Catalonia plans October independence vote defying Spain

Catalan President Carles Puigdemont (L) poses with Catalan flag Image copyright Reuters
Image caption The Catalan leader (L) with the independence flag flown widely across the region

The leader of Spain's Catalonia region, Carles Puigdemont, has called an independence referendum for 1 October, in defiance of the Madrid government.

The question will be: "Do you want Catalonia to be an independent state in the form of a republic?"

Spain is currently a constitutional monarchy, and Catalonia is one of its wealthiest regions.

Surveys suggest Catalan voters would narrowly reject independence, though most favour holding a referendum.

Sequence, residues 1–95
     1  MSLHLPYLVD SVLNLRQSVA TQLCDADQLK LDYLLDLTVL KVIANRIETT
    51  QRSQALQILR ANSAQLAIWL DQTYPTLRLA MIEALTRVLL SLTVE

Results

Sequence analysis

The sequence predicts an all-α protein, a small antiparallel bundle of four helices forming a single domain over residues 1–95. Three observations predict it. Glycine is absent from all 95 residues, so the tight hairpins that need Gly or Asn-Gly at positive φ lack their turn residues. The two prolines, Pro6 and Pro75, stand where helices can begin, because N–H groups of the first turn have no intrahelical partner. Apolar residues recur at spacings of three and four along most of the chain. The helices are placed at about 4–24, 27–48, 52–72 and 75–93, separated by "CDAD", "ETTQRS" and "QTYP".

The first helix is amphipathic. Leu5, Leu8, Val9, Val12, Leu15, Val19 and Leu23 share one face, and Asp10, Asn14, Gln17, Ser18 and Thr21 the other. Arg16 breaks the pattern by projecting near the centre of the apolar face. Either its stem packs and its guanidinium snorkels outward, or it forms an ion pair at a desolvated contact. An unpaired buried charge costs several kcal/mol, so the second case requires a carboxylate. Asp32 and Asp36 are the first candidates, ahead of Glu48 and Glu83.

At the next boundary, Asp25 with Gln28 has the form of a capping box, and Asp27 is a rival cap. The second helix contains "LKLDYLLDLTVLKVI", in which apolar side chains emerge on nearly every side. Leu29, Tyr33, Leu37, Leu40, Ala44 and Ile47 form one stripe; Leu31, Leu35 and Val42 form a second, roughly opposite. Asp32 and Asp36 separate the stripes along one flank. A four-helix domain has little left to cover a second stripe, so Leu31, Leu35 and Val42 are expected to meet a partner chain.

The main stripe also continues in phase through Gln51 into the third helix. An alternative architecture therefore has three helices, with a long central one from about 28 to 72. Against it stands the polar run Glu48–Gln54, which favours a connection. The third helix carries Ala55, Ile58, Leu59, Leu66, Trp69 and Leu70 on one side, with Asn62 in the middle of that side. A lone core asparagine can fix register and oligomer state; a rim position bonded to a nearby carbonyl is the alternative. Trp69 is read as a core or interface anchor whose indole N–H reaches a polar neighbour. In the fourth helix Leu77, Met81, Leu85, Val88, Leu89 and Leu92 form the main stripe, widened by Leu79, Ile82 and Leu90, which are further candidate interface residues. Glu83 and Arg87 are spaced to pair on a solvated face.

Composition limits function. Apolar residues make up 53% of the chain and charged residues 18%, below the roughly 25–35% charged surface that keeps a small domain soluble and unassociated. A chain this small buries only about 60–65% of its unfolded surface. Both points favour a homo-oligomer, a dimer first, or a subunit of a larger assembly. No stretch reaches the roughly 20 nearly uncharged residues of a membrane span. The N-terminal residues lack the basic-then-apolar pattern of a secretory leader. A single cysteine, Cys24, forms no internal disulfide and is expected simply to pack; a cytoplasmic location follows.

The central government in Madrid has repeatedly stressed that secession would violate the constitution. It is not clear if the referendum will go ahead.

In November 2014 Catalonia held a non-binding vote, called a "consultation", in which 80% of those who cast ballots backed independence.

However, just 2.3 million out of 6.3 million eligible voters took part.

Spain's Constitutional Court had ruled it illegal. But the secessionists viewed it as a defining moment.

In 2015, Catalan nationalist parties won an absolute majority in the 135-seat regional assembly and voted to start the process towards independence.

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